The giant iceberg A68 drifted threateningly close to the island for the wildlife of South Georgia. By the end of 2020, it seemed that the iceberg would be unstoppable. Fears arose that the ice mass could cause serious problems for life on South Georgia. Now the latest satellite images show that the giant has broken up into unproblematic fragments and is floating past south of the island.
The all-clear can be given for the time being: The horror scenario of a giant iceberg running aground does not seem to be happening. About 30 kilometers off the coast of South Georgia, the giant A-68 got caught in a strong southerly current that passes the island from the north on the west side. Due to the enormous pressure and tension on the iceberg, it first broke apart into two parts and then they further disintegrated. The largest piece, A-68a, still covered about 2,500 square kilometers just before the turn of the year. After that, more pieces broke off. The new smaller icebergs were named A-68d, A-68e and A-68f.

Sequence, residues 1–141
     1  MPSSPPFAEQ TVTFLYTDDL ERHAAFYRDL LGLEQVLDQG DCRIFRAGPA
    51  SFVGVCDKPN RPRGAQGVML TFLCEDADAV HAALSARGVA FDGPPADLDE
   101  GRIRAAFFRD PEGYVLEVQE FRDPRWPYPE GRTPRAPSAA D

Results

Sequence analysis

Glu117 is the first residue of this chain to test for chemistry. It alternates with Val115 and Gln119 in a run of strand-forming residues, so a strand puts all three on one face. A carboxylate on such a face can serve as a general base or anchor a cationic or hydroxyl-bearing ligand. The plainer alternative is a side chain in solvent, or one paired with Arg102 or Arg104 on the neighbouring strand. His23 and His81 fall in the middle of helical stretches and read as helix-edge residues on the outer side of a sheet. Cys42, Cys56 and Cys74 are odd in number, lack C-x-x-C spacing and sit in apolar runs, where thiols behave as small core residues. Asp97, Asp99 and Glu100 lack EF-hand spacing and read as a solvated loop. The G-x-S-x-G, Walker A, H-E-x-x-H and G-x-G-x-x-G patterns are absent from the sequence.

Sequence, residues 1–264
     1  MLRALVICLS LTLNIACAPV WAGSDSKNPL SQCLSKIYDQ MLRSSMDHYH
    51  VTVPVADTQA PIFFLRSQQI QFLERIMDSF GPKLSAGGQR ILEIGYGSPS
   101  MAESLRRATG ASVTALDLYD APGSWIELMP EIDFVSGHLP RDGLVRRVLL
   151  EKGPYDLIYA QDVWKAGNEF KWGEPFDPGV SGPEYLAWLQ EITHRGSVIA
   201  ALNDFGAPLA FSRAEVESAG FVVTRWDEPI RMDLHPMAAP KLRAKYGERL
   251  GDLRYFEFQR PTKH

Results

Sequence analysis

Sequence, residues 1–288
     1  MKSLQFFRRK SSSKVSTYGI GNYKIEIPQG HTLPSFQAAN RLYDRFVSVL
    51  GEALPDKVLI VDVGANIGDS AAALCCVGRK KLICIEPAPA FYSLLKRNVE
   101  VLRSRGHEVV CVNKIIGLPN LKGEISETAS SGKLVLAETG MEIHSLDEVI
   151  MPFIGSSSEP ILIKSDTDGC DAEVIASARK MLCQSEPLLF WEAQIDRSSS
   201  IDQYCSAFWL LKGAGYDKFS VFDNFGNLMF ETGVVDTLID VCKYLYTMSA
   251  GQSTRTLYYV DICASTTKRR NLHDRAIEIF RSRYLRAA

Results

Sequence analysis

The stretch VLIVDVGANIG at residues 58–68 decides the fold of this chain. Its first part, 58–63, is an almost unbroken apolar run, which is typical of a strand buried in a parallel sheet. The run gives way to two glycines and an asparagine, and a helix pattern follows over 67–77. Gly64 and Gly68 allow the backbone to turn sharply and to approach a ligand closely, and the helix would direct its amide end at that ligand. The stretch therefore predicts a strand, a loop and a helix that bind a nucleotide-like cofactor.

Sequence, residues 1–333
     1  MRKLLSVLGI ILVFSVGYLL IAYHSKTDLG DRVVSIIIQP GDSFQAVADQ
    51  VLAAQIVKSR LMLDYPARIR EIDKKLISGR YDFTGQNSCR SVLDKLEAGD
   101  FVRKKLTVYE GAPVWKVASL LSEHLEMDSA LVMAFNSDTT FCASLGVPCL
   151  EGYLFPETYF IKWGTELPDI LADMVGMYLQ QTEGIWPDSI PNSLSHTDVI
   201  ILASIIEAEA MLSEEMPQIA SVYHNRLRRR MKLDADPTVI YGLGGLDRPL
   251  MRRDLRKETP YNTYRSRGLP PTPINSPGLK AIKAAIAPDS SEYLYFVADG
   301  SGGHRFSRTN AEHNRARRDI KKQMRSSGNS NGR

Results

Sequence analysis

The two largest icebergs A-68a and A-68e are currently drifting in a southeasterly direction. However, scientists led by Prof. Geraint Tarling of the British Antarctic Survey (BAS) assume that the two icebergs will be carried northwards again by the countercurrent on the eastern side of the island. Thus, A-68a and A-68e could run aground off the east coast of South Georgia. Numerous other cracks crisscross the large icebergs and are expected to continue breaking apart.
Where is the path of A68 going
For the time being, the conjured horror scenario on South Georgia does not seem to be happening. Until now, the South Sandwich Islands, further east from South Georgia, have received little attention. However, it is possible that the pieces might end up near those islands. However, it is possible that the pieces might end up near those islands. This chain of eleven islands is located on a direct route, depending on wind direction and current, only about 700 kilometres from South Georgia. Almost all islands of the archipelago are of volcanic origin. On some of them there are still active volcanoes today. The group is politically part of the British Overseas Territory of South Georgia and South Sandwich Islands. The South Sandwich Islands are uninhabited, but are home to about half of the world’s 1.3 million breeding pairs of chinstrap penguins. Their name derives from their thin black band around the throat that looks like the chinstrap of a helmet.
Heiner Kubny, PolarJournal